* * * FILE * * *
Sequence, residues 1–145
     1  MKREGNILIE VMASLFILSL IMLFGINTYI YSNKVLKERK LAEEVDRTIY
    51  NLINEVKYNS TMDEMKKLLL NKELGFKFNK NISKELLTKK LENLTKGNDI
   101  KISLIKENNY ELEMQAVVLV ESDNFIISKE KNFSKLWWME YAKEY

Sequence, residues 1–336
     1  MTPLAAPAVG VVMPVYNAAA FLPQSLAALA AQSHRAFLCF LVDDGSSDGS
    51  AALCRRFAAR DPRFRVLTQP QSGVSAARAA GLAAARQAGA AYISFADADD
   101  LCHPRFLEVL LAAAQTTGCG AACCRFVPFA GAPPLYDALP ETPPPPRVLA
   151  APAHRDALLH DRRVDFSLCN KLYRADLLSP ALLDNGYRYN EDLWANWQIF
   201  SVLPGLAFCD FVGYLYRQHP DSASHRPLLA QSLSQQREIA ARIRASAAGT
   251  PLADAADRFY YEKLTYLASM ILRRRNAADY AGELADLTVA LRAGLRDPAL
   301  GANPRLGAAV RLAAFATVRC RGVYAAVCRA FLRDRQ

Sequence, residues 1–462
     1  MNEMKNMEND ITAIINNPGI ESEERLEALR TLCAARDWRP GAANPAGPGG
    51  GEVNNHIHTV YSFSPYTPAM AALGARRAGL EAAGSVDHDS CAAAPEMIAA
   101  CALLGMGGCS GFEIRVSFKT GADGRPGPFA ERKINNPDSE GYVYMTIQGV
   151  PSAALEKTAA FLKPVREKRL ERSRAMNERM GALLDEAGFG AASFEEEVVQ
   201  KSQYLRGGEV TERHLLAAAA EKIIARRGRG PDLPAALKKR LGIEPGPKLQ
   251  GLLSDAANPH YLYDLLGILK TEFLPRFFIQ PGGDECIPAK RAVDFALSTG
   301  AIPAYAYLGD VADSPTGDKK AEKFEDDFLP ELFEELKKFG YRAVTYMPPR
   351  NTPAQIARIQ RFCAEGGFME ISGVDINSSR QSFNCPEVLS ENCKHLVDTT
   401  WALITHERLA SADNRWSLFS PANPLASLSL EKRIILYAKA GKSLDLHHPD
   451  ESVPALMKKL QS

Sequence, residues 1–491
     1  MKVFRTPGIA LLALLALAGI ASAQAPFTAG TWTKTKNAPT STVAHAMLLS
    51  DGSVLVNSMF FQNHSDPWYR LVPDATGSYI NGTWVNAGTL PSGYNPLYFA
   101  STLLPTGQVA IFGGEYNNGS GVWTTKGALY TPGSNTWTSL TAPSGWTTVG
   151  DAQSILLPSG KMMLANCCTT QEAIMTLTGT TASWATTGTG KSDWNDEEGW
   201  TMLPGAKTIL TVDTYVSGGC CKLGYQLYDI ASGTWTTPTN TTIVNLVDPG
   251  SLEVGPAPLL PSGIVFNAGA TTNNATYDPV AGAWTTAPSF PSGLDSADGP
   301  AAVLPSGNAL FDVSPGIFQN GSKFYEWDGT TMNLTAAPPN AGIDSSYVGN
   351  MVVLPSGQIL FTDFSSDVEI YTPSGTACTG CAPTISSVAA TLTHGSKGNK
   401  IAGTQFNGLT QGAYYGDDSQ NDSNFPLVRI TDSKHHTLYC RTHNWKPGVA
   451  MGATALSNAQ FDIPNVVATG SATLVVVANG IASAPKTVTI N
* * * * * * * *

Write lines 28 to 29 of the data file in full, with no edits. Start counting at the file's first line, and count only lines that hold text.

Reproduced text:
   151  DAQSILLPSG KMMLANCCTT QEAIMTLTGT TASWATTGTG KSDWNDEEGW
   201  TMLPGAKTIL TVDTYVSGGC CKLGYQLYDI ASGTWTTPTN TTIVNLVDPG